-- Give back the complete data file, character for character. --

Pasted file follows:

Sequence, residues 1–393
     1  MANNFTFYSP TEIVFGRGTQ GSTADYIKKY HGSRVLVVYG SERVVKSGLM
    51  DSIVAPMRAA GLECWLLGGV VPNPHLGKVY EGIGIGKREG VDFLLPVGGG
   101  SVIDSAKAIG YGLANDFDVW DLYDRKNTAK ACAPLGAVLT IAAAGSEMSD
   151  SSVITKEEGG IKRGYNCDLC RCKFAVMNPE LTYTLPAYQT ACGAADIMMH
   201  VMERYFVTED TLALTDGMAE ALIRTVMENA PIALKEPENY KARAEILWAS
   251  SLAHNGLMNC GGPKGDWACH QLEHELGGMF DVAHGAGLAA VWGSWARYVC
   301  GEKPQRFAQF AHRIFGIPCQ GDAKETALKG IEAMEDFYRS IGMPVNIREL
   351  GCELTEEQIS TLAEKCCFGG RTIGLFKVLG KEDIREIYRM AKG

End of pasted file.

Sequence, residues 1–393
     1  MANNFTFYSP TEIVFGRGTQ GSTADYIKKY HGSRVLVVYG SERVVKSGLM
    51  DSIVAPMRAA GLECWLLGGV VPNPHLGKVY EGIGIGKREG VDFLLPVGGG
   101  SVIDSAKAIG YGLANDFDVW DLYDRKNTAK ACAPLGAVLT IAAAGSEMSD
   151  SSVITKEEGG IKRGYNCDLC RCKFAVMNPE LTYTLPAYQT ACGAADIMMH
   201  VMERYFVTED TLALTDGMAE ALIRTVMENA PIALKEPENY KARAEILWAS
   251  SLAHNGLMNC GGPKGDWACH QLEHELGGMF DVAHGAGLAA VWGSWARYVC
   301  GEKPQRFAQF AHRIFGIPCQ GDAKETALKG IEAMEDFYRS IGMPVNIREL
   351  GCELTEEQIS TLAEKCCFGG RTIGLFKVLG KEDIREIYRM AKG